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Hong Kong opponents of PRC / CCP totalitarian rule can read the title of this post.  Many of them can also read this geometric typeface:

In both cases it is the rallying cry of the dissidents:

gwong1 fuk6 hoeng1 gong2 si4 doi6 gaak3 ming6  (Jyutping)
"Liberate Hong Kong! the revolution of our times!"

With the recent imposition of the National Security Law, the Beijing government has suddenly (27 years ahead of schedule) made Hong Kong subject to the same draconian constraints on free speech that are enforced everywhere in the PRC. (See: "National Security Law eclipses Hong Kong", 6/2/20.)

The erstwhile principle of "One country, two systems" (Yīguóliǎngzhì 一国两制) is dead.

"As in mainland China, Hong Kongers now use code to evade political censorship" (Quartz, 7/3/20)

"‘GFHG, SDGM’: Hong Kong netizens reimagine illegal slogan as protesters find workarounds" (Hong Kong Free Press, 7/3/20)

The ultimate anti-censorship dodge:  holding up blank signs.

"Hong Kong activists are holding up blank signs because China now has the power to define pro-democracy slogans as terrorism", by (7/6/20).

It is impossible for the censors to keep up with the creativity and determination of the people who want to be free.

Selected readings

[h.t. Norman Leung and Mark Metcalf]


  1. Antonio L. Banderas said,

    July 7, 2020 @ 2:22 pm

    >gwong1 fuk6 hoeng1 gong2 si4 doi6 gaak3 ming6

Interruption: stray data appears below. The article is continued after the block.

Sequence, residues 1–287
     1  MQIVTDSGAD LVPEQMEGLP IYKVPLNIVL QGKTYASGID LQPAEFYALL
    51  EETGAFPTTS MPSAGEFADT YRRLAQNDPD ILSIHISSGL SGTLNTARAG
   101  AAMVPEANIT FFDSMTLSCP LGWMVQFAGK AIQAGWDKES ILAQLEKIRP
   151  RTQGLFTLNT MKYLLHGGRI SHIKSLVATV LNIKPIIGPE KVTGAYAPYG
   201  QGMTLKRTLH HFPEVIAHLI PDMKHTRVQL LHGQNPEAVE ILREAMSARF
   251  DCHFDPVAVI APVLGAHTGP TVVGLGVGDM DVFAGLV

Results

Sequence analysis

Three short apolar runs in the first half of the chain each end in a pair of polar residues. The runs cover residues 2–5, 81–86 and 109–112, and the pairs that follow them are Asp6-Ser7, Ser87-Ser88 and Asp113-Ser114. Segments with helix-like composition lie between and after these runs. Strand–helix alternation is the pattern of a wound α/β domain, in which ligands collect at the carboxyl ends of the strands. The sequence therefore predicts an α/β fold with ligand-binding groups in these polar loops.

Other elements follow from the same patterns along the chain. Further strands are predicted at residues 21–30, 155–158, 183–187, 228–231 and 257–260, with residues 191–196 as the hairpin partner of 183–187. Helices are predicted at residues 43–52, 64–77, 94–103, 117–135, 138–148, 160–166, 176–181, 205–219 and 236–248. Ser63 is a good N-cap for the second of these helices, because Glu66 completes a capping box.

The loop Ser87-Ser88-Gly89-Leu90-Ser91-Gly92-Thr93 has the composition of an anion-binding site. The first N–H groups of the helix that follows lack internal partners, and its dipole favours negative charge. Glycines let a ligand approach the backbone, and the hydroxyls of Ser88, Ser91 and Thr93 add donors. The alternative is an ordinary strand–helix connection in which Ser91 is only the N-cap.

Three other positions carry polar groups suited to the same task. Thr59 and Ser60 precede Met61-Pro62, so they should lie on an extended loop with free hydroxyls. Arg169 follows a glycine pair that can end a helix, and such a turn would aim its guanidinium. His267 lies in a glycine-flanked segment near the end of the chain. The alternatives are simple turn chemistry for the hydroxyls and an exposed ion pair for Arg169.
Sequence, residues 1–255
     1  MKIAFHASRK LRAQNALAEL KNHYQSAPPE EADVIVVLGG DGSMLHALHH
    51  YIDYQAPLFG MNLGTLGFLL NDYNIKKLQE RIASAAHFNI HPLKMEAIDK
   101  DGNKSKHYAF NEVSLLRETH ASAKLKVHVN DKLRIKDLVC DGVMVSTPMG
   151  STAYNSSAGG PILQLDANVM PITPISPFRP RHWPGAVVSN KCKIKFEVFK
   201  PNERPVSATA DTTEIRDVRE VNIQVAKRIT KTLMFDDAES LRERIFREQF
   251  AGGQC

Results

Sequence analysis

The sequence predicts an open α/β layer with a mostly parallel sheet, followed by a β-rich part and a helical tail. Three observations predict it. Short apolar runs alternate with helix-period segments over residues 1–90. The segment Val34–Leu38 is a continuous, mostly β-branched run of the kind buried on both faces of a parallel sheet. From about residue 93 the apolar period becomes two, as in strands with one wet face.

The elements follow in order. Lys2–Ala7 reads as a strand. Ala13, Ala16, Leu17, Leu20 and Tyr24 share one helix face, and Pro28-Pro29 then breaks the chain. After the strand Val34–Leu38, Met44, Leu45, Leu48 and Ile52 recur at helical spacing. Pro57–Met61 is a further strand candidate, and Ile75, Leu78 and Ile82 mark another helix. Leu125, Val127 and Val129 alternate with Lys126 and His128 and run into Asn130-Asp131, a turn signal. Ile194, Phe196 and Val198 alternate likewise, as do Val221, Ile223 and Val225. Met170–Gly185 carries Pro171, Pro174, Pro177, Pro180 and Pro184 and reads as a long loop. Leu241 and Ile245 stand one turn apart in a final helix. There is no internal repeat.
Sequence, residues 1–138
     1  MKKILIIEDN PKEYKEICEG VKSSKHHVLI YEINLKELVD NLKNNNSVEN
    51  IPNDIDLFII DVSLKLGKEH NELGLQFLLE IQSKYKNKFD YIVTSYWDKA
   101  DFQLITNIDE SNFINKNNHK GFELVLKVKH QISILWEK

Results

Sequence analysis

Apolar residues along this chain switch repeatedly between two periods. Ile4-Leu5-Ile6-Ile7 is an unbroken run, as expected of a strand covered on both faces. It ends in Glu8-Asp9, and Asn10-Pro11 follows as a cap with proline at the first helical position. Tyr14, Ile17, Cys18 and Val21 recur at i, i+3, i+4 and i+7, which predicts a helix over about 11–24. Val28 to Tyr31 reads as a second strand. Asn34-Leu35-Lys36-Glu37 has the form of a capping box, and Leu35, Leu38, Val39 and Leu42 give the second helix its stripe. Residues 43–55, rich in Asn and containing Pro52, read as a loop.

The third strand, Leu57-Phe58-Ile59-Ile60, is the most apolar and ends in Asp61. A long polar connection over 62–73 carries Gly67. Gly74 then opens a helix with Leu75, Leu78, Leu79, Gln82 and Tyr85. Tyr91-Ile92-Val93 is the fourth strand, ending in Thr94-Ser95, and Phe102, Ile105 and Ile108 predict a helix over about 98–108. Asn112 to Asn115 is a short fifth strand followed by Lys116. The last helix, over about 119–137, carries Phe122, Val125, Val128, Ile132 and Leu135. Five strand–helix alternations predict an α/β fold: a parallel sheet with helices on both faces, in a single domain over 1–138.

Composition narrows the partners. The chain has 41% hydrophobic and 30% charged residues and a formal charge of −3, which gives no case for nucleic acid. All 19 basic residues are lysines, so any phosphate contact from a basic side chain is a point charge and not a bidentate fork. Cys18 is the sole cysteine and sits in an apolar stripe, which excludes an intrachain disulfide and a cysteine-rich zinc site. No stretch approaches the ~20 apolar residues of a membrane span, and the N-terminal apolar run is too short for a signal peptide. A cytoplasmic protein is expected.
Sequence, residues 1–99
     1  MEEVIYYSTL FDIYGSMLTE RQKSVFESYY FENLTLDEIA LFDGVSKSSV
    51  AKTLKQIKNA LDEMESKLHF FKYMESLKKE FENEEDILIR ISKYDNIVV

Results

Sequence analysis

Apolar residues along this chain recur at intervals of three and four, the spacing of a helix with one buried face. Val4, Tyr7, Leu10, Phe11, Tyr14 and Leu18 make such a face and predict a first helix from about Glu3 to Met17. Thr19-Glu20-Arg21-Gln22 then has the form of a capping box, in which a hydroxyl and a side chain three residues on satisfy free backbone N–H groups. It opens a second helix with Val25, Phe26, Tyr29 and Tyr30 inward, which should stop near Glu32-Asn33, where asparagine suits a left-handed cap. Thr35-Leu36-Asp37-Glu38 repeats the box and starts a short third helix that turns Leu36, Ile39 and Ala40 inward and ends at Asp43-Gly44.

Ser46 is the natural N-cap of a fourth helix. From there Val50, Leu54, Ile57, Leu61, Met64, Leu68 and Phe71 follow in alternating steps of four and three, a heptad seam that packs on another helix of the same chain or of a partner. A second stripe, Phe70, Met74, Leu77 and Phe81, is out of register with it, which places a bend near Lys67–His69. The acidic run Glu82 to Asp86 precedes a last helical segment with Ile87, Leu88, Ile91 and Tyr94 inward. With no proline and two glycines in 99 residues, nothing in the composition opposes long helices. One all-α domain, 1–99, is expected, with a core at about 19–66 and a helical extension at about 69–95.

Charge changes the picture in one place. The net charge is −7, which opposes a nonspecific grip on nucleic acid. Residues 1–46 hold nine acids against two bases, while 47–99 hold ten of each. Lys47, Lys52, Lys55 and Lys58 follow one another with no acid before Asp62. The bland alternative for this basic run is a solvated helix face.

Why syllable by syllable instead of actuall words?

  2. Victor Mair said,

    July 7, 2020 @ 2:56 pm

    That's the way Jyutping does it — so far. I hope that someday they might change.

  3. John Swindle said,

    July 7, 2020 @ 10:15 pm

    Better 光復香港时代革命,with traditional character 復 rather than simplified character 复。Not because they use traditional characters in Hong Kong (although I gather that they mostly do), but because it makes sense of the second shape from the left on the top line.

  4. NSBK said,

    July 7, 2020 @ 10:20 pm

    I can "get" all of these geometric reductions except for the second character [复] being represented by a left-right pair of sub-blocks. Am I missing something obvious here?

  5. NSBK said,

    July 7, 2020 @ 10:23 pm

    @ John Swindle

    Ah, if I had just refreshed my browser window 5 minutes ago, I would have seen your post which answers the question I was asking.

  6. Victor Mair said,

    July 7, 2020 @ 10:25 pm

    @John Swindle and NSBK

    Thanks to both of you for pointing that out. I've changed 复 to 復 in the o.p.

  7. Sniffnoy said,

    July 8, 2020 @ 12:57 pm

    The blank signs… so the old Soviet joke is now true, but in Hong Kong…

    The joke, for those not familiar–

    A man is arrested by the KGB for handing out leaflets in Red Square. On bringing him in though, they find the leaflets are blank. "What is the meaning of this?! Why are they blank?!" they demand. The man replies, "What is there to write? It's all so obvious!"

  8. Victor Mair said,

    July 8, 2020 @ 1:53 pm

    Except that in Hong Kong it's not a joke. It's for real.

    But the meaning is the same.

  9. Siu Jiu said,

    July 9, 2020 @ 9:46 pm

    Even more variants:

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